(WVUE) - From the New Orleans Lakefront to communities on the north shore of Lake Pontchartrain, you find marinas chock full of sailboats. They can be floating escapes from the daily grind.
"There's probably a thousand boats in the water in the Mandeville and Madisonville area," said Skipper Chenault. "A lot of those just never seem to leave the dock."
Chenault has been around boats most of his life. He sailed ships at the U.S. Naval Academy, served on nuclear submarines and now works as a maritime lawyer. He loves a weekend get-away on his 38-foot sailboat.
"Lake Pontchartrain is a very good lake for sailing because it's big enough that there's plenty room, but it's small enough that it doesn't get big seas when the weather gets bad, and there's always some place to go if you need to get out of the way," he said.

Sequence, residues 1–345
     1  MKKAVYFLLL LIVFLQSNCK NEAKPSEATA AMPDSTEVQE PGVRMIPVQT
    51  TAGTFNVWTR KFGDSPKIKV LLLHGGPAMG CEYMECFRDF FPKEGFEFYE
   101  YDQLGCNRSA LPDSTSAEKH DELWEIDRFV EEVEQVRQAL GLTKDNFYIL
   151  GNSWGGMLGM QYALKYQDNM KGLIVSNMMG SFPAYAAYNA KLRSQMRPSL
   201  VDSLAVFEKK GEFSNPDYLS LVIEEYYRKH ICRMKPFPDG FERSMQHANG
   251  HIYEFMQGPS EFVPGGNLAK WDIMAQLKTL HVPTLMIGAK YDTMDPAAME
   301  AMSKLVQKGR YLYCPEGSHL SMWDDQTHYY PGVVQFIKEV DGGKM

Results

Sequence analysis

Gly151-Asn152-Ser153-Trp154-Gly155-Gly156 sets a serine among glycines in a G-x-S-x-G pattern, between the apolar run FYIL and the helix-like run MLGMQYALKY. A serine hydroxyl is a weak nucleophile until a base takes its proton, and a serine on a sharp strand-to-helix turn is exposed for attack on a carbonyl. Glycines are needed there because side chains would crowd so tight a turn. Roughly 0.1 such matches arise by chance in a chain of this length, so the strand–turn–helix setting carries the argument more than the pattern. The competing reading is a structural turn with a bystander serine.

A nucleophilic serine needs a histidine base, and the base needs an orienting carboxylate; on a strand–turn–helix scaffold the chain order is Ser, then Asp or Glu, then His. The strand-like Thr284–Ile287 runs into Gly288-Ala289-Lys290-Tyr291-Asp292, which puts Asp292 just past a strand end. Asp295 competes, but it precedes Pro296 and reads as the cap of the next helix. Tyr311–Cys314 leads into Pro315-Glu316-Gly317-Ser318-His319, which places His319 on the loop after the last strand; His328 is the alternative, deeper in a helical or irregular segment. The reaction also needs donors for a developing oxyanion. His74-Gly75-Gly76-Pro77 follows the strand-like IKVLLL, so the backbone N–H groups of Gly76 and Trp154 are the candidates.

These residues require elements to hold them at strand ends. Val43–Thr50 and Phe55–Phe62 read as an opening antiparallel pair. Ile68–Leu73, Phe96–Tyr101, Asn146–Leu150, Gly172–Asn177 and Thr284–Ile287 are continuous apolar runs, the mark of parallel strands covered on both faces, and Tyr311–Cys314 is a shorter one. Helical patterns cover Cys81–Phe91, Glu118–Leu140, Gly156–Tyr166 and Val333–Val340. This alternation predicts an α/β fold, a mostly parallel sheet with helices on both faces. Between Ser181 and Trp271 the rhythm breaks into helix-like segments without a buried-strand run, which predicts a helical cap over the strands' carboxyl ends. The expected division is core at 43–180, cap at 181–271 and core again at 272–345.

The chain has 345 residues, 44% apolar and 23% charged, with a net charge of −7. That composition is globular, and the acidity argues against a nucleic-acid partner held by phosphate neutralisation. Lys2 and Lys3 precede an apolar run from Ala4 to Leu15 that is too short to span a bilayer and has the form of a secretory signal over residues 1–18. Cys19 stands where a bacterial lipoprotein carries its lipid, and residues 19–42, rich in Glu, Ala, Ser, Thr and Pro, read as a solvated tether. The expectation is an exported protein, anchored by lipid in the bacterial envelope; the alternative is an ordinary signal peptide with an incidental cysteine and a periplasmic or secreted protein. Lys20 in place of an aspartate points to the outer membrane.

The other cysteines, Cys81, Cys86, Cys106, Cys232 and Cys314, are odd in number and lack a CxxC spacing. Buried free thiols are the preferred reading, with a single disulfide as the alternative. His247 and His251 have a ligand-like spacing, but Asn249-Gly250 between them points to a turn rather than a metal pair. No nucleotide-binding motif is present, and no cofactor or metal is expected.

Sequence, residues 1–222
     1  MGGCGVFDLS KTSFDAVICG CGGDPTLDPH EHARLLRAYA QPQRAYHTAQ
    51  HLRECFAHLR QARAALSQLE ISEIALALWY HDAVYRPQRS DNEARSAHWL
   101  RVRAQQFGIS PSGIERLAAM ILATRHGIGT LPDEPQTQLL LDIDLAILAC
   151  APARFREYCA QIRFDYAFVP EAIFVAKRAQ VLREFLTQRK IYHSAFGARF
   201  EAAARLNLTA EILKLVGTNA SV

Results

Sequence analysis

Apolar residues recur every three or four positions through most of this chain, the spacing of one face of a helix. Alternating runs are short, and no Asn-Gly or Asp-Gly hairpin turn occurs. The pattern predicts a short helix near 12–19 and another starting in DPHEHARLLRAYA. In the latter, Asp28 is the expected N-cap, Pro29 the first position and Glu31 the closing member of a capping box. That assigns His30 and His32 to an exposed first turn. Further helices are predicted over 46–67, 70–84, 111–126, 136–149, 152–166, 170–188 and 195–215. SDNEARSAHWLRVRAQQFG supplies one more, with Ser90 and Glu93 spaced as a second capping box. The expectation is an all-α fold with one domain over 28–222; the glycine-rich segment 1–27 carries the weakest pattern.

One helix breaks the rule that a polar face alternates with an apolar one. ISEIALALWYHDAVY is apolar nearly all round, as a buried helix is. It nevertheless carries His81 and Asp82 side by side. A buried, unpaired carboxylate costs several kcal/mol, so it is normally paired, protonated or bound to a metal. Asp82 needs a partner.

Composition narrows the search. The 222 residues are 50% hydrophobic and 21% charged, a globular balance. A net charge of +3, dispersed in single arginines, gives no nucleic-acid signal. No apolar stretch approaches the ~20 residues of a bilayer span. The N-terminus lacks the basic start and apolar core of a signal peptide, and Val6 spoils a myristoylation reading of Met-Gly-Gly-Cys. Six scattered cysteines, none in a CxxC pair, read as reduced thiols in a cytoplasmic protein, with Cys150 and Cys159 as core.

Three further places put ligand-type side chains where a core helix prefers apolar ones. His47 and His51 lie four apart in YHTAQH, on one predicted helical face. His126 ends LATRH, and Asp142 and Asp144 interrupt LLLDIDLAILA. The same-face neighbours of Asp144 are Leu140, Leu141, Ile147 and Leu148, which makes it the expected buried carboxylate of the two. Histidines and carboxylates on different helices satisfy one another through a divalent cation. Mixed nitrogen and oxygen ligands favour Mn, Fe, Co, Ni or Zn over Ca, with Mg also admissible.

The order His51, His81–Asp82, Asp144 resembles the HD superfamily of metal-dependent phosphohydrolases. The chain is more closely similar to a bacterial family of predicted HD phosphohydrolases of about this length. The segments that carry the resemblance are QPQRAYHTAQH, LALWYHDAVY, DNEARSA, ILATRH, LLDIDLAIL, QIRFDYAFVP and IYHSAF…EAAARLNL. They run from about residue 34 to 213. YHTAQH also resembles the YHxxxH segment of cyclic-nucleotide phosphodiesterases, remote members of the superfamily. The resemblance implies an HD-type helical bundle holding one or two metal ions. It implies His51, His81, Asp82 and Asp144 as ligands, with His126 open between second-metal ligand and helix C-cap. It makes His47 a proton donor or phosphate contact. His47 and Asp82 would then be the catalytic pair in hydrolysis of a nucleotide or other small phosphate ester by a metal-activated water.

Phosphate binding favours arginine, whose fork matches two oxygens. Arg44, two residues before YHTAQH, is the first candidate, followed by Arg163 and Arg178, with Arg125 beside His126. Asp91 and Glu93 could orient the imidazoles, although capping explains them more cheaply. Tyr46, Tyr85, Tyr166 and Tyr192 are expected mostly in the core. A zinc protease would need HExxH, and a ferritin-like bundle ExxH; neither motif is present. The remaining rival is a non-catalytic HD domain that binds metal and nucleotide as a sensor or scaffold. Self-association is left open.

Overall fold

He cruises Lake Pontchartrain and enjoys racing. His large, two-masted wooden sailboat, the Ondene, struggles in a light breeze.
"This is a very heavy boat," Chenault said. "So in light air smaller, lighter boats will go faster, but when the breeze kicks up, she really gets going."
His sailboat was built in the 1970s, but it's based on a classic wooden sailboat design that dates from the 1940s.
"Because everything is wooden," Chenault said. "There's always something that needs some sort of repair. And the goal is to try and stay ahead of it."
For Chenault, a perfect day is when you can shut off the diesel engine, the wind fills the sails and the boat glides quietly through the water.
"When I'm racing the boat, especially in light air, that the sound of the waves on the hull is in some ways the best speedometer that I have because I listen to it lapping at the side and can tell whether I'm speeding up or slowing down," he said. "Being on the water on a sailboat brings out the truth in everything. So you're always learning something. No two days, no two storms are the same. So it's always a challenge."
It's a slower pace, a quieter journey, it's relaxation and a deeper connection to your surroundings.